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Old 03-11-2007, 12:52 PM   #40
Join Date: Aug 2005
Posts: 3,394
Re: Aikido as External Art -or- Where's the Chewy Center?

I'm not going to expand on views I've expressed a hundred times.
I've been very clear. If you don't understand my views by now, you never will.

You wrote
"Aikido doesn't need a saviour, Dan....."

Uhm,.... yes it does. Who it may be, or where they come from is up for those in it to decide

Ikeda 2006
"Even if the number of people practicing aikido reaches the tens of thousands, there is no meaning if we are fighting among ourselves. It only means we are moving in the opposite direction from O-sensei's philosophy. Peace cannot be made unless we all come together - not just karate and aikido, but all budo.

The kind of power through kokyu that Ushiro sensei has been teaching is completely different from what is usually thought of as kokyu. All of the people who came to this camp experienced this. It may have been only an introduction to this kind of practice and this kind of power, but I think it was a real plus for people to be able to experience it.

As a teacher, one of the most important considerations is how we are bringing up new people in the art, both now and into the future. There will be no growth if we just repeat what is currently being done. For ourselves and for the Aikido of the future, it is necessary to completely change the way aikido is practiced. I think we have come to this critical crossroads."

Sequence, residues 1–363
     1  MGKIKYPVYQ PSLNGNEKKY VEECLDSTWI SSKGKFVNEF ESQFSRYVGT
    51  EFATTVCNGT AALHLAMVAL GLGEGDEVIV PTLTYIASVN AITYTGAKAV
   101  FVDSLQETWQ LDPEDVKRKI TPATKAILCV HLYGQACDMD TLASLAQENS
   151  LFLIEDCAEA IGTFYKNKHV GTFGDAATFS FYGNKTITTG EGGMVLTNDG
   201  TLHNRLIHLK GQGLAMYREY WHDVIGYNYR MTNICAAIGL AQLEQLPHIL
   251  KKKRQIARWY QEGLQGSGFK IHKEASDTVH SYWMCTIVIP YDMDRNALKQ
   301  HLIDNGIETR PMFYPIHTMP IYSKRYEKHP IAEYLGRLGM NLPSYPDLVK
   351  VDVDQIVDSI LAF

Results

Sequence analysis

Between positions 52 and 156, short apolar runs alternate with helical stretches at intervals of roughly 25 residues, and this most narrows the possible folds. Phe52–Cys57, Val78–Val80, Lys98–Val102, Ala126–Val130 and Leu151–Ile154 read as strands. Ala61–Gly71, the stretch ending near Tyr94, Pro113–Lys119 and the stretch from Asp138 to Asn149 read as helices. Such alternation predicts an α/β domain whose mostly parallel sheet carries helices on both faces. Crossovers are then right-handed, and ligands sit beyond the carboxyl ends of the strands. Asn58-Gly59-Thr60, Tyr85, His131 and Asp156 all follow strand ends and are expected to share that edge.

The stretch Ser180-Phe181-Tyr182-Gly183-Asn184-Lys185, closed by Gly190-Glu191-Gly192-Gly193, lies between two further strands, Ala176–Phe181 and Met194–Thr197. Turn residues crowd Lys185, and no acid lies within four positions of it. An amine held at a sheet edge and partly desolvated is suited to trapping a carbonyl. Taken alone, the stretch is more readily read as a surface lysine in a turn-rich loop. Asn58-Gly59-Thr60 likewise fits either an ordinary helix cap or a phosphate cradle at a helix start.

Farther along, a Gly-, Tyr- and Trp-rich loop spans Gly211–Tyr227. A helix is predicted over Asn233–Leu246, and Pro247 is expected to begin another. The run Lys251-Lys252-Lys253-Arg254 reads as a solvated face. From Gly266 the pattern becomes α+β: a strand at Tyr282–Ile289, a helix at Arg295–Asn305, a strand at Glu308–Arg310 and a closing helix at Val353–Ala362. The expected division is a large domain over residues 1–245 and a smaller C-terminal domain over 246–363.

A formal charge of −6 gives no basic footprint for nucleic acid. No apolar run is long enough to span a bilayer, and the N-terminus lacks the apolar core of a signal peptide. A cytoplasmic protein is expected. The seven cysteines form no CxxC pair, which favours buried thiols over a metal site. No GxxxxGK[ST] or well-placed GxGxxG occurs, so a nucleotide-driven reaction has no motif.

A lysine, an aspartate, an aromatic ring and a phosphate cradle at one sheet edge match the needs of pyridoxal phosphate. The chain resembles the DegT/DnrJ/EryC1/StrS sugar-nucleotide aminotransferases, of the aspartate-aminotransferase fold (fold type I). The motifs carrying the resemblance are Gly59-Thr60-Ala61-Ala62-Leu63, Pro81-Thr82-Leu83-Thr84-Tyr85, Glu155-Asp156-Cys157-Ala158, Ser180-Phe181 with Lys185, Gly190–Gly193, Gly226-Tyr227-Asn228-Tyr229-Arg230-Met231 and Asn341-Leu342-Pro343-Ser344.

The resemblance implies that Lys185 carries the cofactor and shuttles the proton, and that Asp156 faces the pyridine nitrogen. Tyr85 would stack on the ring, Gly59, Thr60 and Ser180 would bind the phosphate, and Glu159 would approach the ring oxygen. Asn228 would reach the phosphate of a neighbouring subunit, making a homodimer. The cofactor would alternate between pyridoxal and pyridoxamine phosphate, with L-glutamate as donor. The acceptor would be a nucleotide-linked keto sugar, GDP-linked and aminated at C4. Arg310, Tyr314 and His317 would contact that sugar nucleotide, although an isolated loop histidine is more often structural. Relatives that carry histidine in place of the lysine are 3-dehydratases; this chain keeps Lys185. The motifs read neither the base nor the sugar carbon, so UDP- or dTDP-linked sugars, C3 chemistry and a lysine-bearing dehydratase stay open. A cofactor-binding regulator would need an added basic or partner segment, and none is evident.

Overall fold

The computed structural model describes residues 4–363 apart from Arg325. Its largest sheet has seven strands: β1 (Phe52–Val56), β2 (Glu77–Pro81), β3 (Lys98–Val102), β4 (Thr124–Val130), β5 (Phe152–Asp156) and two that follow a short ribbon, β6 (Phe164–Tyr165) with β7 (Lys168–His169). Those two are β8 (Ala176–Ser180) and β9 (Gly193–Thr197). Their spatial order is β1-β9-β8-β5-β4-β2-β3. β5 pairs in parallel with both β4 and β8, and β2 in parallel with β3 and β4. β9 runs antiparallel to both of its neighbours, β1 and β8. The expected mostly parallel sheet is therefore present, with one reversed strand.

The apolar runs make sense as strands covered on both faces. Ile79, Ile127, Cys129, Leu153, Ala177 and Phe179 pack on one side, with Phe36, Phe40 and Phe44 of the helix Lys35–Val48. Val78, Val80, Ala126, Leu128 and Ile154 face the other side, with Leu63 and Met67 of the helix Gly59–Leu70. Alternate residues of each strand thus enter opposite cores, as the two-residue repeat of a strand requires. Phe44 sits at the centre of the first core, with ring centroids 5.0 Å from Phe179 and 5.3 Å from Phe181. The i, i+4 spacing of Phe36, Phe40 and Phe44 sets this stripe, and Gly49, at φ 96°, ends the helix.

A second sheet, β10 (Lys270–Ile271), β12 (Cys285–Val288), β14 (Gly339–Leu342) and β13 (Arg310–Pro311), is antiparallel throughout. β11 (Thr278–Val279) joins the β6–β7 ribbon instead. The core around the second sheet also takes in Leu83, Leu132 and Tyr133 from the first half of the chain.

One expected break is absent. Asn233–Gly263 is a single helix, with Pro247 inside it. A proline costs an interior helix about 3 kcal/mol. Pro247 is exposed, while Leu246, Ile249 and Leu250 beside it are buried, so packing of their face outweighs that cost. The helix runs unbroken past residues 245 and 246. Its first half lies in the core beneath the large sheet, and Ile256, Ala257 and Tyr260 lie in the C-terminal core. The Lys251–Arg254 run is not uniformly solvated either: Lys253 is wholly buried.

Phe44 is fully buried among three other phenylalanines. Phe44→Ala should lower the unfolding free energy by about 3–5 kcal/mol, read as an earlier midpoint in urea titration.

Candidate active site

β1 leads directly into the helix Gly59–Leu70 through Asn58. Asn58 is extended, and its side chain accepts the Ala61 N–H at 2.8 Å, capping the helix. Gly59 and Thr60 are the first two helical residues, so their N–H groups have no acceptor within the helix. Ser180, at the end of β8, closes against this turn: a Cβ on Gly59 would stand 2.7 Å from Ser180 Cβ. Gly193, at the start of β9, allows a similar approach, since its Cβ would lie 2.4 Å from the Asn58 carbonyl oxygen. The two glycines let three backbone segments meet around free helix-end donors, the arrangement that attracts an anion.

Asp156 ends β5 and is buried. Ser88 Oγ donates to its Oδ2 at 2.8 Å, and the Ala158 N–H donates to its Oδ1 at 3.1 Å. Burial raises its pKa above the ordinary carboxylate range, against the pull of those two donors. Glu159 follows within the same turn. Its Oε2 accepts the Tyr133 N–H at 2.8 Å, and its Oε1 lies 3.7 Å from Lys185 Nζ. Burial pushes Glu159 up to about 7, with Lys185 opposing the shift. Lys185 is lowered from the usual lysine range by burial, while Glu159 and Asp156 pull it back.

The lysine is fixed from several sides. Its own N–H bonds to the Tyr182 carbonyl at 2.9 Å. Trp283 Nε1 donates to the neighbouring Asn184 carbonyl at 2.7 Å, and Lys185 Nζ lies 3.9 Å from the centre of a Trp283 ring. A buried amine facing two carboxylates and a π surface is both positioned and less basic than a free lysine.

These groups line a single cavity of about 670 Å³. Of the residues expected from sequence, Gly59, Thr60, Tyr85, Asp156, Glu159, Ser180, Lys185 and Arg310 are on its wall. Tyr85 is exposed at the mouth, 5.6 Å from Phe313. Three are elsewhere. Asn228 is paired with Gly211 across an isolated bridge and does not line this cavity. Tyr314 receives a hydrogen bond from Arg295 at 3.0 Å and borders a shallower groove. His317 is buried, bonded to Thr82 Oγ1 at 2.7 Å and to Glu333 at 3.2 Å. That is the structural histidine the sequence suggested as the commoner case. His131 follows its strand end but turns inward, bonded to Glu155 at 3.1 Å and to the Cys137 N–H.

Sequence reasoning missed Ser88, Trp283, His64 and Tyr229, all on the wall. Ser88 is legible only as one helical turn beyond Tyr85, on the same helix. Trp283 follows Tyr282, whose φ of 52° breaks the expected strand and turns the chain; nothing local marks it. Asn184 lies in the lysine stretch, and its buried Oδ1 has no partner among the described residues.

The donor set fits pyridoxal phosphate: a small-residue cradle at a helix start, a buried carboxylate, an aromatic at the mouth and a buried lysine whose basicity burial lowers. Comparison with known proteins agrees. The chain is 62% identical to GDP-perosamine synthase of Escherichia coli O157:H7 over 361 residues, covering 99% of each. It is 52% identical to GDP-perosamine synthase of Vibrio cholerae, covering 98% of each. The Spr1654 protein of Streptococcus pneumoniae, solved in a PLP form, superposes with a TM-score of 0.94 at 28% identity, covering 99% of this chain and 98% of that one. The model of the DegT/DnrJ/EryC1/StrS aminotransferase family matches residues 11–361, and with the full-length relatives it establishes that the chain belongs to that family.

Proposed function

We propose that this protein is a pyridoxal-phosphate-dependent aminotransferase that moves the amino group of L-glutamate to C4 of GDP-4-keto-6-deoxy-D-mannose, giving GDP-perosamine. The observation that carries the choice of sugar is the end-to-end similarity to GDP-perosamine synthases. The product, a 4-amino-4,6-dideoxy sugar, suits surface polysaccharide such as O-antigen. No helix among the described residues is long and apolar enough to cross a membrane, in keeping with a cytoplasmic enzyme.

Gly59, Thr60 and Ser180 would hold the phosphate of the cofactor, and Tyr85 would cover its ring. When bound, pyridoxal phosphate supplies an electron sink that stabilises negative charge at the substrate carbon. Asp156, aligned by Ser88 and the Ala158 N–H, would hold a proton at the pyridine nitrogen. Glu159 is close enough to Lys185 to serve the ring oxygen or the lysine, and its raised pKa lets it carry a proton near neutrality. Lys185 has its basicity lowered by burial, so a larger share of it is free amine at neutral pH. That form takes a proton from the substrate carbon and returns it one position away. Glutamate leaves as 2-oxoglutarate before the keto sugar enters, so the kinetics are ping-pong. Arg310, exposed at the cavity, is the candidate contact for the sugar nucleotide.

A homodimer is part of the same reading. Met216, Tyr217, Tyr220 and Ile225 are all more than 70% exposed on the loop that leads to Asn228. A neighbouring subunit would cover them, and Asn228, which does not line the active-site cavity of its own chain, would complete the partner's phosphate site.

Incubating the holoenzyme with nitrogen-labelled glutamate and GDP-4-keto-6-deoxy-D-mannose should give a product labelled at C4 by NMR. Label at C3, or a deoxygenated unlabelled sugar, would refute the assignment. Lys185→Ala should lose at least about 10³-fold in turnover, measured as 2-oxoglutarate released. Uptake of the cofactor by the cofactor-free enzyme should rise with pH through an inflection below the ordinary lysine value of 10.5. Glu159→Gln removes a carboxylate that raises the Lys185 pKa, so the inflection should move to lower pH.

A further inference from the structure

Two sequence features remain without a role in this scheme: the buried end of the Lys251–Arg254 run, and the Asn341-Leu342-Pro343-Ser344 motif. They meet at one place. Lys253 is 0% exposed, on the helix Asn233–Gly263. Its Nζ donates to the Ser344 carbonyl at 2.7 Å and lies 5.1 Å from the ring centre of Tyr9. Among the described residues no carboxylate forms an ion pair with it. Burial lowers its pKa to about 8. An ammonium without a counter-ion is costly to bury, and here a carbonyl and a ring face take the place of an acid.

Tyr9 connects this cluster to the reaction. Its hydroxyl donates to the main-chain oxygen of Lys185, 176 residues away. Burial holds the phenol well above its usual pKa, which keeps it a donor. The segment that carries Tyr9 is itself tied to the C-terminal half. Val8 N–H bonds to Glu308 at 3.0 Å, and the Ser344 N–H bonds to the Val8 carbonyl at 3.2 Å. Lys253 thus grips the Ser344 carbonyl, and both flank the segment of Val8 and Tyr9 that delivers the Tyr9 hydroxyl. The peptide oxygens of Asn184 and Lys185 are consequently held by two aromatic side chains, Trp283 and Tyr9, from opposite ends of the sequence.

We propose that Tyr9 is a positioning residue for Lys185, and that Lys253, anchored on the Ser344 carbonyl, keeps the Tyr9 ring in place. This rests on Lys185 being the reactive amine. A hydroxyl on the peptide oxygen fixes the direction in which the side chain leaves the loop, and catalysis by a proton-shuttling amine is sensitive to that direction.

And from Ushiro

The Essence of Budo: Nullifying the Opponent's Power, and Ki
In aikido, practice often consists of using circular movements to avoid or lead an opponent's attack. However, this category of response is possible only against certain categories of attack. When up against the straight and explosive strikes of Okinawan karate, circular movements would never be fast enough.

In modern karate and other competitive martial arts, most practice is comprised of nothing more than moving the hands and feet in response to different attacks. This kind of practice depends on strength, speed, and timing. As one gets older, however, there is no guarantee that one can continue using this kind of strength. Everyone, at some point, will hit the 'wall of advancing age'.

In order to address this limitation, it is necessary to find something that is not based on physical power - something not visible to the eye, something that controls the opponent even before contact is made. This is ki. If one can cultivate ki, then one can utilize it in all aspects of life,
says Ushiro shihan.

I think Ushiro's and Ikeda's words will by and large fall on deaf ears.
Just as Ueshiba's did. And everyones going to just go back to searching for paths of power in Kissomaru's technical syllabus and coming up empty.
Mike's 2% will make the leap and start looking elsewhere like I did.
The word is out, the low level Aikido teachers have now felt the power available to them and the means to get what Ikeda admits has been missing. And we are willing to share with them what we know and possibly what their teachers can't or won't teach.
Which leaves us to ask Ushiro just who he thinks he is.
"Who am I?
I'm the guy doing his job.
You must be the other guy!"

.........From the Departed

The whole article is here.
Thanks again to Stans work at Aikido Journal.

In closing I hope we can disagree-even strongly-as friends and not enemies. I'm sure we'll meet up and train and laugh and train and just be (as Meik Skoss says so elequantly) two more bums on the budo bus.

Last edited by DH : 03-11-2007 at 01:01 PM.
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